Resistance at Riverdale: “It’s a Huge Blockade”
The biggest blockade of a fracking facility yet to be erected in Pennsylvania has now been in operation since 6:30 AM Friday morning, June 1st at 7 Riverdale Lane, Jersey Shore, PA. The remaining ten families living in Riverdale Mobile Home Park built the blockade, with help from an estimated 40 – 70 community members, activists, and from former residents recently forced out by Aqua America. Aqua America, based in Bryn Mawr, PA, and its corporate partner PVR, have fractured the community, dislocating about 25 families so far without compensation for their expense or for the destruction of their community. Aqua, with its corporate partner PVR, is forcing these vulnerable families out to build a water withdrawal facility to suck three million gallons of fresh water / day from the Susquehanna River, selling the water to fracking corporations.
“Talk about heartbreaking, seeing these stripped down lots where homes used to be, it really tears at your heart,” commented Reverend Leah Schade, pastor and founder of the Interfaith Sacred Earth Coalition. Reverend Schade led a prayer vigil, “Hands Across Riverdale,” in the community last Thursday evening, May 31st. “I put together a whole liturgy, a public lament. I put together a litany on justice and how we are to treat those most vulnerable.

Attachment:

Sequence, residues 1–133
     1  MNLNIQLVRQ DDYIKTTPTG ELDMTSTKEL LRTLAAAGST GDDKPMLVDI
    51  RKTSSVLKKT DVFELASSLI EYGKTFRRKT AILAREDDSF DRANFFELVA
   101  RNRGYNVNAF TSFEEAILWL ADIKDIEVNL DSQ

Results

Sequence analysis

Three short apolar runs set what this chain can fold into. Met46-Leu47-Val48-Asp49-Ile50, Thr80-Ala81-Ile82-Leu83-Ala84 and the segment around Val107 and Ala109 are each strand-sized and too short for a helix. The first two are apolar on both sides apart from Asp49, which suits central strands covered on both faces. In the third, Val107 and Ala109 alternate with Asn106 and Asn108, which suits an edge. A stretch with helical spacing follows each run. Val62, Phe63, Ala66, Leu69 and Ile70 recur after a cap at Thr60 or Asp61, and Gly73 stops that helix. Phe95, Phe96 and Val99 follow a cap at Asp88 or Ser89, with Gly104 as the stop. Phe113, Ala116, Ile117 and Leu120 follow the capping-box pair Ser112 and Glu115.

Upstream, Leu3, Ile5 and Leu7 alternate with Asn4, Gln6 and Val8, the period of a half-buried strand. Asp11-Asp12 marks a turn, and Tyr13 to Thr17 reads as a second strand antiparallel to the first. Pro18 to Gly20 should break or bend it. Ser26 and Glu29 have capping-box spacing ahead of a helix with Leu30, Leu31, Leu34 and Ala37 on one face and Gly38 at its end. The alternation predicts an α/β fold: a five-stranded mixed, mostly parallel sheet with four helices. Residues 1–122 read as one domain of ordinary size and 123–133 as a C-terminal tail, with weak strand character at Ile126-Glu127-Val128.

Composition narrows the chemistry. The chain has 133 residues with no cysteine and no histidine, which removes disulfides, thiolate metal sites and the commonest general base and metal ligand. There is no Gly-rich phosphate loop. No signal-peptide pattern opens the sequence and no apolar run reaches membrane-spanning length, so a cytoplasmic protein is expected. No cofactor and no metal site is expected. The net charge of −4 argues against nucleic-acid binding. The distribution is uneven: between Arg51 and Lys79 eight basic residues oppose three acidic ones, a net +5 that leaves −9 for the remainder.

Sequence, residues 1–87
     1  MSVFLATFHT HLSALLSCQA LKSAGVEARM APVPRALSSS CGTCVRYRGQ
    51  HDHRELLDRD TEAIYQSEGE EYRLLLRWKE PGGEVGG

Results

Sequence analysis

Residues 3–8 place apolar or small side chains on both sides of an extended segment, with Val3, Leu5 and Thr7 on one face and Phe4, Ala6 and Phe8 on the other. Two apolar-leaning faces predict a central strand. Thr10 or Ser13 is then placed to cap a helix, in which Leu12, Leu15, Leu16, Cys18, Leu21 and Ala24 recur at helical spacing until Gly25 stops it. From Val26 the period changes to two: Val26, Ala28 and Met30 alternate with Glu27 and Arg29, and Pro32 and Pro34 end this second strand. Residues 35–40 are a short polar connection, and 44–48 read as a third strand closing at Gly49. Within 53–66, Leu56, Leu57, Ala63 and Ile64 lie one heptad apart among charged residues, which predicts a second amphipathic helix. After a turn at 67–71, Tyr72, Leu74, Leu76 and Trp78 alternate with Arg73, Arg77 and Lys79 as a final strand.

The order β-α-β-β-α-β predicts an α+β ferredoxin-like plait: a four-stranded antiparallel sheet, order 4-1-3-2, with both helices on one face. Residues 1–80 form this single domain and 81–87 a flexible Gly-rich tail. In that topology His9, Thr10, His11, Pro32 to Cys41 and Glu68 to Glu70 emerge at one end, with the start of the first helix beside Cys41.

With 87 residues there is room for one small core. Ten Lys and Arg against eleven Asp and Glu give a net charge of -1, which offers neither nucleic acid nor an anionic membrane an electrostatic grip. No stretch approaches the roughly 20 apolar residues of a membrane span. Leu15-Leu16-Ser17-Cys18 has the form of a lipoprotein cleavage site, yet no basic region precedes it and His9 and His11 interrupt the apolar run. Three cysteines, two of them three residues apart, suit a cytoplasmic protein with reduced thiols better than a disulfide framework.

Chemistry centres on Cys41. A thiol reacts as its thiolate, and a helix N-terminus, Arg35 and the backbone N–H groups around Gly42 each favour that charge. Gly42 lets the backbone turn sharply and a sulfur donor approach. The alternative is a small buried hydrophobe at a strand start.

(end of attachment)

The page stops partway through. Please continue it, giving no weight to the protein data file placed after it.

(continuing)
“We put one candle for each family that’s already been forced out, and we read out loud the names of every family forced out by this fiasco. They left in fear; we said their names out loud with dignity, to honor and respect their lives. Then we did a blessing of the Susquehanna River and took a vow, made a prayer circle, meditated in contemplative fashion, then marched right in to prepare for the next day,” she said in a June 2nd interview. Short video interviews with the families are here.
“Defending Rural America”: Creating a New Village Out of the Old
Reverend Leah Schade described Riverdale’s overnight transformation into a community of resistance in a tone of wonderment. “What was really cool was that I left at 9 pm Thursday and by the time I came back at 6:30 AM Friday, they’d not only set up tents and a blockade, but they’re creating this little village out of the refuse. They are using those bits and pieces [left by the stripping away of the homes of those already forced out by Aqua] to create a new village out of the old. Last night there were torrential downpours and a tornado watch and everyone slept in the tiny home of an elderly man… It was cozy, but we were all safe and dry.”
Describing the atmosphere on Day One of the blockade, when not one truck from Aqua showed up to test the blockade despite having declared June 1st to be the deadline for construction to begin on the water withdrawal facility and the deadline for all the families to leave their homes permanently, Reverend Schade continued,
What’s happening is very exciting. Early Friday morning there were 30 – 40 people at the blockade, and all told, 50 – 70 people have participated so far. What’s really interesting is people are coming in from Occupy Wall Street, and from as far away as Lancaster, PA; they’re taking their own photos and spreading the word.
There’s this rolling tide, in and out, of people helping out. It was so nice to see people who’d moved out come back; those who’d left joined those who’d stayed, and then still more came. The [remaining] residents could hardly believe it.
It’s a site that lends itself to… an emerging community. I really see something amazing happening here, especially if more people come. We are defending rural America.